I’m often asked, should I register the lease or lodge a caveat to protect the lease? The answer is yes. The reasons why a landlord should register a lease is different from why a tenant should register a lease or lodge a caveat.
From a Landlord’s Perspective
In Western Australia it has been unusual, until recently, to register a lease but this has changed due to the Supreme Court of Western Australia decisions:
(a) Primewest (Mandurah) Pty Ltd v Ryom Pty Ltd; and
(b) Lighting By Design (Aust) Pty Ltd v Cannington Nominees Pty Ltd.
In the Lighting, By Design decision, the court has held that an unregistered lease for a term exceeding five years which is not protected by a caveat or registered, was “destroyed” upon the registration of transfer to the buyer of the land. This is the effect of Section 68 of the Transfer of Land Act which provides that a lease for a term of greater than five years, or any option within a lease, is unenforceable against the buyer of the land following the grant of the lease unless the lease is registered or a caveat is lodged to protect the term and the option.
The Primewest decision concerned a particular special condition in a contract for the purchase of land which required the seller to provide evidence that the leases were registered prior to settlement and the Court held that the buyer’s refusal to settle because a lease wasn’t registered was reasonable on the basis of the Lighting By Design decision.
Currently, there is no legal decision that determines whether a lease for a term of greater than five years that is an unregistered lease and not protected by a caveat is binding upon the Tenant following registration of the transfer to a buyer.
As a result of these decisions, buyers and their financiers and any potential new financiers of the property are now likely to require that leases for a term of greater than five years are registered prior to settlement of the purchase of the property.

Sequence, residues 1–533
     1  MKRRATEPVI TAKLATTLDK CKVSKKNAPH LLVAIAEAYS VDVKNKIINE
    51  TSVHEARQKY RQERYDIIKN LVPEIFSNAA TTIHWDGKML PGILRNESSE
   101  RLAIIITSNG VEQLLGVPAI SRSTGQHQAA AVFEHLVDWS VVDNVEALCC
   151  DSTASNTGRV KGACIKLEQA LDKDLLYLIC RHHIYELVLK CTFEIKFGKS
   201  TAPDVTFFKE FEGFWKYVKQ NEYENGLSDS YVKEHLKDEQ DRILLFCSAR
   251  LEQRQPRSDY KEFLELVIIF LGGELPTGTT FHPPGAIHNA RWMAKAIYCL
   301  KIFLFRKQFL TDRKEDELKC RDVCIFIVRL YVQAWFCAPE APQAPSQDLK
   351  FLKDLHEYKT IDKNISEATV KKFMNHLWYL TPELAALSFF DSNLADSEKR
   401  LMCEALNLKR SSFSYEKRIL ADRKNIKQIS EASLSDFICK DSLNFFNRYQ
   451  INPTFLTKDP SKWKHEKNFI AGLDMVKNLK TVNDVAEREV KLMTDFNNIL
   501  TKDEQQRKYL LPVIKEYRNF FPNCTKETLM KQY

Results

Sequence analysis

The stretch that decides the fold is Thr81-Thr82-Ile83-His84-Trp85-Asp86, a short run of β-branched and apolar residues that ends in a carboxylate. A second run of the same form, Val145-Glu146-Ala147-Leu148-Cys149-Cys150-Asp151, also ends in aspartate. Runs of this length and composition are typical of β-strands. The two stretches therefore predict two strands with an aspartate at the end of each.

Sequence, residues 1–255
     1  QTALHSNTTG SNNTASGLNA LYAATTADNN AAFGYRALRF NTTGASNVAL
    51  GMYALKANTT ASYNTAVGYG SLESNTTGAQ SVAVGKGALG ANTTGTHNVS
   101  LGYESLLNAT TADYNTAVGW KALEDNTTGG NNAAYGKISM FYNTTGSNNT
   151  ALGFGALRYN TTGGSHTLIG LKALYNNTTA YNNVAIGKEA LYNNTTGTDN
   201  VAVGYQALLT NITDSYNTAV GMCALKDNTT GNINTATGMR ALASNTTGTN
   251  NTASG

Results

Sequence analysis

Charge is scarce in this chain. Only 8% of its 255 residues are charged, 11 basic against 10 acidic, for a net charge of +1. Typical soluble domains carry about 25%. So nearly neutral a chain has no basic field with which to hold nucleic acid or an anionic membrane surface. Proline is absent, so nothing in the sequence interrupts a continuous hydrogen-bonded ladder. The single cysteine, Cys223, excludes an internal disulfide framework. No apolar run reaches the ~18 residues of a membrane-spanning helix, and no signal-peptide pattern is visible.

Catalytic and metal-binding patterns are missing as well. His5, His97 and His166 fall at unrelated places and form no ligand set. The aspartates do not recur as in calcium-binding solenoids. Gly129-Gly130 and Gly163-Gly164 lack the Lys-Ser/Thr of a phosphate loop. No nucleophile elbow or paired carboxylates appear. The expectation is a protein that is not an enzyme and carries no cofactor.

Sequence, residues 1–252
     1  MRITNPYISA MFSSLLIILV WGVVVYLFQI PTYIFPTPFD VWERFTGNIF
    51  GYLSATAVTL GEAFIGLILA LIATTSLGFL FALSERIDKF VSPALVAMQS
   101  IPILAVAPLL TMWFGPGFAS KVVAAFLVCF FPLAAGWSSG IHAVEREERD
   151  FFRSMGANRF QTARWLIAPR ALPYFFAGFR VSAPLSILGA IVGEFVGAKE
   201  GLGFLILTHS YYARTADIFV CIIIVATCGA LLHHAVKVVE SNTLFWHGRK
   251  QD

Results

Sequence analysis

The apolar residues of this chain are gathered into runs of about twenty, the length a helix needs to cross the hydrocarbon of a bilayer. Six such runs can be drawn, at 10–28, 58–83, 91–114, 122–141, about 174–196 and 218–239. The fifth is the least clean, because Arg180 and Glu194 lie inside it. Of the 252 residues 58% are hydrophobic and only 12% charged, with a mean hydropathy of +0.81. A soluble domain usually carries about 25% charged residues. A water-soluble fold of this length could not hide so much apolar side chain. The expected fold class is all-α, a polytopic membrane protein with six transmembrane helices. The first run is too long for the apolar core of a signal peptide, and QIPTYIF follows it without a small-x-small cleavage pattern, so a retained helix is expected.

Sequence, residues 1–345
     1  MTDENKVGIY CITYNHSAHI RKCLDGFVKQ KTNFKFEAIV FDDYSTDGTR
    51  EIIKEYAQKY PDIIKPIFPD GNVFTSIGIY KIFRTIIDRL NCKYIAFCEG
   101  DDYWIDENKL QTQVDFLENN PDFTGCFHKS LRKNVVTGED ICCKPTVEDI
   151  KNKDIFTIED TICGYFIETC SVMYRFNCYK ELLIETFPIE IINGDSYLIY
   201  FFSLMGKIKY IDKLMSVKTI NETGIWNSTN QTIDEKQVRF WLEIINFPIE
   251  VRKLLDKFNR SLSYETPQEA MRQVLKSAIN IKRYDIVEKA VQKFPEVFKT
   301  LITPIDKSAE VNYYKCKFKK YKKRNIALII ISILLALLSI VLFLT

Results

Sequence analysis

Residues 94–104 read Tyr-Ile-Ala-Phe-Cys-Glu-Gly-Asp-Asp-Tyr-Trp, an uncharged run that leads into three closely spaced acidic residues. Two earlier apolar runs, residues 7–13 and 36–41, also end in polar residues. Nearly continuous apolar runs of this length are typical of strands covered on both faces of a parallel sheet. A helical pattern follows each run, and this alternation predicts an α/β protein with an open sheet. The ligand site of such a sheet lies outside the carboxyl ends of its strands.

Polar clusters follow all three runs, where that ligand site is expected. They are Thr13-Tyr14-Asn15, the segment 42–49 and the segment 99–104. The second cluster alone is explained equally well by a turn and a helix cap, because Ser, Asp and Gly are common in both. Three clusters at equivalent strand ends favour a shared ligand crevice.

For this reason, MP Commercial Lawyers are preparing leases for terms of greater than five years in the registrable form so that the leases can be registered either immediately following the execution of the lease or at a later date if required by a purchaser of the property or a financier of the property.
A word of warning to Landlords:
As a lease is a contract between the original parties to it, if a Landlord sells the property and the purchaser terminates the lease pursuant to Section 68 of the Transfer of Land Act then the Tenant may sue the previous Landlord for damages for breach of contract with respect to not being able to remain in the leased premises or exercise its option.
From a Tenant’s Perspective
The Lighting By Design decision clearly reiterates the importance of protecting the leasehold rights against the rights of future purchasers of the leased property under Section 68 of the Transfer of Land Act. If your lease is for a term of greater than five years and/or the lease grants you an option either to renew the lease or to purchase the property then unless the lease is either:
(a) registered; or
(b) a caveat is lodged referring to the term and the options,
the purchaser of the property may terminate the lease by notice in writing to the Tenant. MP Commercial Lawyers can register caveats on behalf of Tenants.
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